Connect with Metro
503-797-1804 TDD
503-797-1797 fax
people walking

Regional vision: The 2040 Growth Concept

Planning and conservation    Regional planning and policy    2040 Growth Concept

This region is admired across the nation for its innovative approach to planning for the future. Our enviable quality of life can be attributed in no small measure to our stubborn belief in the importance of thinking ahead.

One example of this foresight was the Metro council's adoption of the 2040 Growth Concept, a long-range plan designed with the participation of thousands of Oregonians in the 1990s. This innovative blueprint for the future, intended to guide growth and development over 50 years, is based on a set of shared values that continue to resonate throughout the region: thriving neighborhoods and communities, abundant economic opportunity, clean air and water, protecting streams and rivers, preserving farms and forestland, access to nature, and a sense of place. These are the reason people love to live here.

Policies in the region’s long-range plan encourage:

  • safe and stable neighborhoods for families
  • compact development, which uses both land and money more efficiently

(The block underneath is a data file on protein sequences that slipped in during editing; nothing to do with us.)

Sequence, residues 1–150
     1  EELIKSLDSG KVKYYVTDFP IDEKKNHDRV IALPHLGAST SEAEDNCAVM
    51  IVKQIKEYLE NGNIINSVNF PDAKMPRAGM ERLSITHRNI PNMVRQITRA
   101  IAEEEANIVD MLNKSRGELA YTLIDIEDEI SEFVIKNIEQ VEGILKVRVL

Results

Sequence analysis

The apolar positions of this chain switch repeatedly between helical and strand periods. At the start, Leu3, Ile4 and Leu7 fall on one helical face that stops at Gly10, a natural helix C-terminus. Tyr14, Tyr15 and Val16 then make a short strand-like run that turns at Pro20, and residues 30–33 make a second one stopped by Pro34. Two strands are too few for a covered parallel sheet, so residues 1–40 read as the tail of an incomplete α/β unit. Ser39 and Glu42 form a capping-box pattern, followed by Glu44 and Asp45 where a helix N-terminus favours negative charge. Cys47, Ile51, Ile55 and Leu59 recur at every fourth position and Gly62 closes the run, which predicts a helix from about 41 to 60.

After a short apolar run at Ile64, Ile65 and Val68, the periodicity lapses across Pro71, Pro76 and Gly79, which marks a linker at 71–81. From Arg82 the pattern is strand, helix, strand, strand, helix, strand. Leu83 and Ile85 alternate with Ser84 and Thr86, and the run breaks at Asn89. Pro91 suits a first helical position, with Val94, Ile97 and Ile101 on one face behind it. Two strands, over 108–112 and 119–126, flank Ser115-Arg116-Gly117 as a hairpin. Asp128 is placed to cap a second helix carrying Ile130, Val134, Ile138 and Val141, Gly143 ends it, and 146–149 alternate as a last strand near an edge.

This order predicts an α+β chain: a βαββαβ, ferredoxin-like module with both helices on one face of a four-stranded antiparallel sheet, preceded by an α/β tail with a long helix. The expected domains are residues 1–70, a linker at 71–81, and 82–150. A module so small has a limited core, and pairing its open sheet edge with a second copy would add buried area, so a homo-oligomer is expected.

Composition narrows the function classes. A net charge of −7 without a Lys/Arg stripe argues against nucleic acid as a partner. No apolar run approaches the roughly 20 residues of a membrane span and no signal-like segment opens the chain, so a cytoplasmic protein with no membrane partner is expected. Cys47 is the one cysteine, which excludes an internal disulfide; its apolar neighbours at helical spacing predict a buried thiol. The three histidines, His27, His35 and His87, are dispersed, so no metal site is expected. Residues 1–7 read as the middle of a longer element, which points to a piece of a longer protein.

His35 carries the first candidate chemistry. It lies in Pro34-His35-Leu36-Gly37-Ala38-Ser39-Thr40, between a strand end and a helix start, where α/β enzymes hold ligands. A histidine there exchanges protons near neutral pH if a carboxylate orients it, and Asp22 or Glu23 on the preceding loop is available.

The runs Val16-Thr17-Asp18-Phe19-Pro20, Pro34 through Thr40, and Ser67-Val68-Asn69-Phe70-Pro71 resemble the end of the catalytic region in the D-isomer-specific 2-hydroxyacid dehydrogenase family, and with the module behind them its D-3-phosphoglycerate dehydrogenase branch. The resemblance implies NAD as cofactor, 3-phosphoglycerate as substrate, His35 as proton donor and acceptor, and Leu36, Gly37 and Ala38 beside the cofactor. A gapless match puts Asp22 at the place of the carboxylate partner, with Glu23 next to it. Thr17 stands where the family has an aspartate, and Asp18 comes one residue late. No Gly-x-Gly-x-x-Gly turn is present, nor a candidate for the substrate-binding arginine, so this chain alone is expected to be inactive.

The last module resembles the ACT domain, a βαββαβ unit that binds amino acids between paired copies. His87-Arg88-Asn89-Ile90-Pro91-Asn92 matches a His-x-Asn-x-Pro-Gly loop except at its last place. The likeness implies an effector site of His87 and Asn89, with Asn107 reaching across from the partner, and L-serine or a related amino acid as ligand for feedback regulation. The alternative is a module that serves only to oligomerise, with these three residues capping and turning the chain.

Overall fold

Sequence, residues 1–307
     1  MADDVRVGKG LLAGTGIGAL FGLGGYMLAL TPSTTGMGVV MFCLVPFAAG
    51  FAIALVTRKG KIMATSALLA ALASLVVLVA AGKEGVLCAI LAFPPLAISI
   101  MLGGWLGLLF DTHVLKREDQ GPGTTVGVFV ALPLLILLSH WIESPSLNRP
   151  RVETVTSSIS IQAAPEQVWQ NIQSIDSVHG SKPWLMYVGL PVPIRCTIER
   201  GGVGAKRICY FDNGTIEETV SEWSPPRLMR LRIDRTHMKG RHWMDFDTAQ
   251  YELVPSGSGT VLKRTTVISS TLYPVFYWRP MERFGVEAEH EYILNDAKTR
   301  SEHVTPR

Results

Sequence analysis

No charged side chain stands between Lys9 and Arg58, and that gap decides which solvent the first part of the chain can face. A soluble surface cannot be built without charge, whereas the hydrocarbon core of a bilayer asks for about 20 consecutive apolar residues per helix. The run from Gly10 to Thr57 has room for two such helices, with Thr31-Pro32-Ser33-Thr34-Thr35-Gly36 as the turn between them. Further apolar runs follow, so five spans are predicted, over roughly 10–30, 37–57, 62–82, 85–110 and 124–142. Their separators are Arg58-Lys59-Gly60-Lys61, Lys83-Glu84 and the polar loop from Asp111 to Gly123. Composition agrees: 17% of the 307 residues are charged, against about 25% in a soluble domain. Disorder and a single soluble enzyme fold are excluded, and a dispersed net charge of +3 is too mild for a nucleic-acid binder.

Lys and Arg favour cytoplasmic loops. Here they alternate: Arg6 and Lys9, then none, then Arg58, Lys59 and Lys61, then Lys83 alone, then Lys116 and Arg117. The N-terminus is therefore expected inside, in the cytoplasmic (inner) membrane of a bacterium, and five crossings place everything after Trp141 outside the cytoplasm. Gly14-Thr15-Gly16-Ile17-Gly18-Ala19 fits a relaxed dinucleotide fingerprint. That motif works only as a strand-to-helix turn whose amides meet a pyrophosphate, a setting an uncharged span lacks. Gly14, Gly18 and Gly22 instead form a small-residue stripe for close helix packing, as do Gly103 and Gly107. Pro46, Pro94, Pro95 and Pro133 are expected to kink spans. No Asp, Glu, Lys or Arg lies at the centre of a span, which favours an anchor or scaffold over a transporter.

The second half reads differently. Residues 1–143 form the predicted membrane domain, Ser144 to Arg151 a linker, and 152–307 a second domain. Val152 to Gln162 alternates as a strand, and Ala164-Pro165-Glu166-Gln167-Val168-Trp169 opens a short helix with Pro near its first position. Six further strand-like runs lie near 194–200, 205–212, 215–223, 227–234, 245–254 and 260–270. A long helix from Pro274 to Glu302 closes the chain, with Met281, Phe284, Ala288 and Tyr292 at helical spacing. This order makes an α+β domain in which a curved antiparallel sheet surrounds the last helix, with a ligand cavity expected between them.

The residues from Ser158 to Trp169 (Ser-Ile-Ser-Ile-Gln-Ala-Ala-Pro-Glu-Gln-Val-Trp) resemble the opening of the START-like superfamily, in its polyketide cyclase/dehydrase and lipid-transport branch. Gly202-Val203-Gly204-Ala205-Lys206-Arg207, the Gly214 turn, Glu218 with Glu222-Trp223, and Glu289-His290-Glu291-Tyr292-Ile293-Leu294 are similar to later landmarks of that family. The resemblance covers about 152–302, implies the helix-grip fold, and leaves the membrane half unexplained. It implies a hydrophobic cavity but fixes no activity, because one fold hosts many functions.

• a healthy economy that generates jobs and business opportunities
  • protection of farms, forests, rivers, streams and natural areas
  • a balanced transportation system to move people and goods
  • housing for people of all incomes in every community.

Ten urban design types are identified in the 2040 Growth Concept as the "building blocks" of the regional strategy for managing growth. Read about how each of these components contributes to making a vital, livable region for generations to come.

Central city

Downtown Portland serves as the hub of business and cultural activity in the region. It has the most intensive form of development for both housing and employment, with high-rise development common in the central business district. Downtown Portland will continue to serve as the finance and commerce, government, retail, tourism, arts and entertainment center for the region.

Main streets

Similar to town centers, main streets have a traditional commercial identity But are on a smaller scale with a strong sense of the immediate neighborhood. Examples include Southeast Hawthorne in Portland, the Lake Grove area in Lake Oswego and the main street in Cornelius. Main streets feature good access to transit.